mantle surrounding the angel billows out in curling folds as eloquent of
swift movement as the draperies of Botticelli's striding nymphs; and the
opulent line of the Virgin's cloak is superb in its lightly broken swirl
about the figure. The hair, too, of both the Angel and the Virgin, waves
in masses at once free and formal, with something of the wild beauty of
Botticelli's windblown tresses. The analogy between the two painters,
the ardent and poetic Florentine and the no less ardent and at times
almost as poetic Venetian (if we accept his own claim to the title),
might be further dwelt upon, although it would be easy to overemphasize
it. One attribute, certainly, they had in common and it is the one that
most completely separates each of them from his fellows--the exultant
_verve_, that is, with which the human form is made to communicate
energy of movement in their compositions. It is impossible to believe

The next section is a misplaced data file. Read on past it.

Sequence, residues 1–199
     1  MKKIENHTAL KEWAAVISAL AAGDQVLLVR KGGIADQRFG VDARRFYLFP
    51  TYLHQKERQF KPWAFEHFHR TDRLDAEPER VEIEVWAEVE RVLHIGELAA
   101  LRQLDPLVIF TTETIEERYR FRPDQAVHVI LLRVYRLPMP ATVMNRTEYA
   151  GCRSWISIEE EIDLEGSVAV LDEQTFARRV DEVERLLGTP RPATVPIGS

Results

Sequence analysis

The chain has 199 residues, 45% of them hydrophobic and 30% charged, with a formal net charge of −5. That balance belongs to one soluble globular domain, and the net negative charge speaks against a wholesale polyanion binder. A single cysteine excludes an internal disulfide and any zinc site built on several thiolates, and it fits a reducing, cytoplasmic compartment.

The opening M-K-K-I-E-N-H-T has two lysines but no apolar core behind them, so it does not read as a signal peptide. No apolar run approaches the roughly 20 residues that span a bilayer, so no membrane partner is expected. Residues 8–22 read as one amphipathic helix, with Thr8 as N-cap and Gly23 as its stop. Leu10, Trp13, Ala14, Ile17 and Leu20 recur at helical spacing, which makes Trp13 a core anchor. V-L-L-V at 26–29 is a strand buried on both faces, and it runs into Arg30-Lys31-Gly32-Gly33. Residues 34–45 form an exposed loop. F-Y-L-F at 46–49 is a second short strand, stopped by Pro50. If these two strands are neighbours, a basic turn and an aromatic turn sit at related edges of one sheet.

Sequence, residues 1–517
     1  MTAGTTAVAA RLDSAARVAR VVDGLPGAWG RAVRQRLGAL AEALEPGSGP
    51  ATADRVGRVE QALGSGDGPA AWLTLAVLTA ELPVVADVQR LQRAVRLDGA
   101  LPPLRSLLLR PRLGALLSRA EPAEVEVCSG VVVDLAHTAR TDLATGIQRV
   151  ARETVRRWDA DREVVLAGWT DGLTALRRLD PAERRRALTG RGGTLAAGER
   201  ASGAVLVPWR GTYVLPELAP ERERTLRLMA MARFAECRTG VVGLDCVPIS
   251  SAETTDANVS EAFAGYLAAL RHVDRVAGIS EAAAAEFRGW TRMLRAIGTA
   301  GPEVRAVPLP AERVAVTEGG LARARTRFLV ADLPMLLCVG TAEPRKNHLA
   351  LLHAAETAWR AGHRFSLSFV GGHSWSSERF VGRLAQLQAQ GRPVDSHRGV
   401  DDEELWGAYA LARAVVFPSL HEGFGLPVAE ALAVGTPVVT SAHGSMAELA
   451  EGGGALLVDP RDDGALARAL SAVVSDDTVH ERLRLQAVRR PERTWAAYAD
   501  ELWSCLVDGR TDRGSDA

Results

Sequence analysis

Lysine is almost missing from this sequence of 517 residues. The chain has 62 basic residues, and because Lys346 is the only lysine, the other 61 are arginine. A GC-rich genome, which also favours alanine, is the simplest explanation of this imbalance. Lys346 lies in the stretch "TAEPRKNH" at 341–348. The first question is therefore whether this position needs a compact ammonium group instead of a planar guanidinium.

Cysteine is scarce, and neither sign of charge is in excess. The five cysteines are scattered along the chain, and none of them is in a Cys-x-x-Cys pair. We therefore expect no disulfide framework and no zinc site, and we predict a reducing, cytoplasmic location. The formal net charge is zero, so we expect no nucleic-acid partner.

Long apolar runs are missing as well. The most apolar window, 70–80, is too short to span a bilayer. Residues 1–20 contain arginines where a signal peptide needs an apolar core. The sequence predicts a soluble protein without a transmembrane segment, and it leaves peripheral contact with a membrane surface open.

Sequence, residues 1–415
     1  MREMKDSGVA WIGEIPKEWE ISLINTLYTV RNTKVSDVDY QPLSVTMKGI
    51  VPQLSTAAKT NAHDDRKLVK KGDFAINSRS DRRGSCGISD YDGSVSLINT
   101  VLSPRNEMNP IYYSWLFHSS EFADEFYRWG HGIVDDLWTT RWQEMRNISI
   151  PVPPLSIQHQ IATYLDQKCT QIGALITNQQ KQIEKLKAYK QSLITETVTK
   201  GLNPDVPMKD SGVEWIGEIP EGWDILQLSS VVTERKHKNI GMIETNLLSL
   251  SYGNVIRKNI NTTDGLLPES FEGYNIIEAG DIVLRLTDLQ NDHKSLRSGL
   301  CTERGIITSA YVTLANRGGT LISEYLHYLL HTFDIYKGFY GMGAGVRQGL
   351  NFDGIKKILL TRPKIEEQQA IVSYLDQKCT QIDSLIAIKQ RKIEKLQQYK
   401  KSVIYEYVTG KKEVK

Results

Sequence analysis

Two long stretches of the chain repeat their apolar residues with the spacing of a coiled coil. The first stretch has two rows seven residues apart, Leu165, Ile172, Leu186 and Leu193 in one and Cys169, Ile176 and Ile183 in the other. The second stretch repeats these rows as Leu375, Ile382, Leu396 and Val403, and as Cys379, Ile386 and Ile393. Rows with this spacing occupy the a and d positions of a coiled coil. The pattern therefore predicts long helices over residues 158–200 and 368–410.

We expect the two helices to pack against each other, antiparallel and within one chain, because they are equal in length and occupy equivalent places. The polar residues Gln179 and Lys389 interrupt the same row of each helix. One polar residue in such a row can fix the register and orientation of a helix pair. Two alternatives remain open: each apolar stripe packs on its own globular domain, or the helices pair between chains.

that either of them ever painted a tame picture. If, however, Crivelli
could not be tame he could be insipid, escaping tameness by what might
be called the violence of his affectation. The _St. George_ in the
Metropolitan Museum is an instance of his occasional use of a type so
frail and languid in its grace and so sentimental in gesture and
expression as to suggest caricature. Another example dated 1491 is the
_Madonna and Child Enthroned_ in the National Gallery. On either side of
the melancholy Madonna are St. Francis and St. Sebastian. The latter is
pierced by arrows and tied to a pillar, but so far from wearing the look